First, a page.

Sunday, January 28, 2007

The Twylight Tower by Karen Harper

It is May 1560. As sinister storm clouds gather overhead, twenty-six-year-old Queen Elizabeth dispatches William Cecil, her most trusted adviser, to Scotland for crucial negotiations. Handsome, ambitious Lord Robert Dudley is at her side. But their leisurely midsummer idyll is cut short when the court’s master lutenist plunges to his death from a parapet beneath the queen’s window. The loyal retainers of Elizabeth’s privy council do not accept the official verdict of accidental death. Their fears are borne out when another tragedy rocks the realm, and points the way to a conspiracy to bring down Elizabeth and seize the throne. As ill winds of treachery swirl around the court, and suspicion falls on those within Elizabeth’s intimate circle, a vengeful enemy slips from the shadows...a traitorous usurper who would be sovereign.

With The Twylight Tower, Karen Harper brings a legendary era to life, drawing us into an intoxicating world of majesty and mayhem, political intrigue and adventure...where danger is everywhere...and where a young queen journeys to greatness in the long shadow of her bloodstained past.

This is the third book in the Elizabeth I series, following on from The Poyson Garden and The Tidal Poole. The story opens with the death of the Queen's lute player when he tumbles from the tower. At the beginning, Queen Elizabeth doesn't think that it is murder, even though many of her close companions think otherwise. Elizabeth herself is too busy in her relationship with Robert Dudley, to pay attention to a possible murder, let alone the affairs of state. However, when there is another death, and this time it is in circumstances that could have seen her injured herself, she is ready to pay a bit more attention.

What this book did have was a really interesting mix of actual characters and events, and fictional characters, and the story itself was quite interesting. What the above blurb does not show is that this book is also another theory on the age old question - who killed Amy Robsart, wife of Robin Dudley.

So why isn't this book graded higher...well, it really seemed to drag a little, and the resolution, including of the 'who killed Amy Robsart' seemed a little too unusual for me, but the relationships between the queen and her circle of friends were very well developed, with threads of storyline continuing from earlier books.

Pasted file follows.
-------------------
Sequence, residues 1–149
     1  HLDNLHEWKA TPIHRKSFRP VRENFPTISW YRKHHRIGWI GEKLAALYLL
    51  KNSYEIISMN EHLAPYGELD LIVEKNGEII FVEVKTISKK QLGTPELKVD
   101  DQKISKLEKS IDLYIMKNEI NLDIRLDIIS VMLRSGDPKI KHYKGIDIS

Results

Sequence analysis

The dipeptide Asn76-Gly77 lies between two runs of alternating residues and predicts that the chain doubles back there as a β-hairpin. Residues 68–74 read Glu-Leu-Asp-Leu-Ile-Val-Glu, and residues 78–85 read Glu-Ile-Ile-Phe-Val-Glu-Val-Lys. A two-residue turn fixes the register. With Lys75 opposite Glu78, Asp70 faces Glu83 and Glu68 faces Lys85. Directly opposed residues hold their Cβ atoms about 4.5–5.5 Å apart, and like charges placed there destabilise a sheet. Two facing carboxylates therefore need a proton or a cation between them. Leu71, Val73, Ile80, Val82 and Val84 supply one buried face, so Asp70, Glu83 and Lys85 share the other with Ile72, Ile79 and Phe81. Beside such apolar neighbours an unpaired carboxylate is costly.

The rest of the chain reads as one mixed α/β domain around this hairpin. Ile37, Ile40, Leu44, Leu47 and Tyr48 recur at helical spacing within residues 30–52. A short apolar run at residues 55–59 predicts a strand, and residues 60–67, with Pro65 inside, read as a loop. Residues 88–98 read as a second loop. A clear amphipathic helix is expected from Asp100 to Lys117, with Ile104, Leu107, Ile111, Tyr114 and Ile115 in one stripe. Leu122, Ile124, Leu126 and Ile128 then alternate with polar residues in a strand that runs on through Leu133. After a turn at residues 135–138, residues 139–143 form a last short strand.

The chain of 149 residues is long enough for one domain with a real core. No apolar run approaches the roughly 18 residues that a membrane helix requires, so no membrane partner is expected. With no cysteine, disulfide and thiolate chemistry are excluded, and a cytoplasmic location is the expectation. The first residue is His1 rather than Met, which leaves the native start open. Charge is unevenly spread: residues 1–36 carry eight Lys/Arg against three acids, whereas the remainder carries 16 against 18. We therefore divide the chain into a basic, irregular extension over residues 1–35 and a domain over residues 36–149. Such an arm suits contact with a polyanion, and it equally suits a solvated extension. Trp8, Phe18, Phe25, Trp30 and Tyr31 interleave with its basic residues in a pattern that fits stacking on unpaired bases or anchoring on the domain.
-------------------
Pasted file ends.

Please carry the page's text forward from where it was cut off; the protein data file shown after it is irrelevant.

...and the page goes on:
Now I have to decide whether I want to continue reading this series, because my library doesn't have any of the next five books in the series, although I suspect I could probably get an inter library loan if I really wanted to read the next one at least.

Rating 3/5

Friday, January 26, 2007

Magic Study by Maria V Snyder

You know your life is bad when you miss your days as a poison taster . . .

With her greatest enemy dead, and on her way to be reunited with the family she'd been stolen from long ago, Yelena should be pleased. But though she has gained her freedom, she can't help feeling isolated in Sitia. Her Ixian background has changed her in many ways -- and her newfound friends and relatives don't think it's for the better . . .

Despite the turmoil, she's eager to start her magic training -- especially as she's been given one year to harness her power or be put to death. But her plans take a radical turn when she becomes involved with a plot to reclaim Ixia's throne for a lost prince -- and gets entangled in powerful rivalries with her fellow magicians.

If that wasn't bad enough, it appears her brother would love to see her dead. Luckily, Yelena has some old friends to help her with all her new enemies . . .

I have been eagerly anticipating getting hold of this book. The first book in this series, Poison Study, was one of the few 5/5 books I read last year.

After her adventures in Ixia, Yelena is now is Sitia, getting to know a family that she has no recollections of, and trying to adapt to a completely foreign way of life to her. There are strange clothes, strange food, strange feelings of anxiousness, animosity from her brother, as well as a new life at the Citade (a kind of magician's school) that she now has to attend in order to meet her promise to Irys, who she met in the previous book.

There were many, many things to like about this book - the setting, the different areas of Ixia that had such variable conditions and people, the suspense.

There was just one thing that drove me a little insane, and that was in relation to Valek. Once Yelena and Valek were reunited he always called her love...drove me nuts, and didn't really fit my idea of his character that I had built in the first book. As an occasional endearment it's fine, but ALL of the time was a little bit too much!

Overall, a satisfying follow up to Poison Study, and I can't wait for Fire Study to come out!

Rating 4.5/5

Rules of Seduction by Madeline Hunter

Dangerous. Sensual. Handsome as sin. Meet Hayden Rothwell, the shamelessly erotic hero of The Rules of Seduction and author Madeline Hunter’s most irresistible alpha male yet: a man of extraordinary passion and power, a man who can bring out the seductress in any woman...

He enters her home without warning or invitation -- a stranger of shadowy motives and commanding sensuality. Within hours, Alexia Welbourne is penniless, without any hope of marriage. Until Hayden Rothwell takes her to bed. When one impulsive act of passion forces Alexia to marry the very man who has ruined her, Hayden’s seduction of Alexia is nearly complete. What Alexia doesn’t know is that her irresistible new husband is driven by a secret purpose -- and a debt of honor he will risk everything to repay. Alexia is the wild card. Reluctant to give up their nightly pleasures, Hayden must find a way to keep Alexia by his side...only to be utterly, thoroughly seduced by a woman who is now playing by her own rules.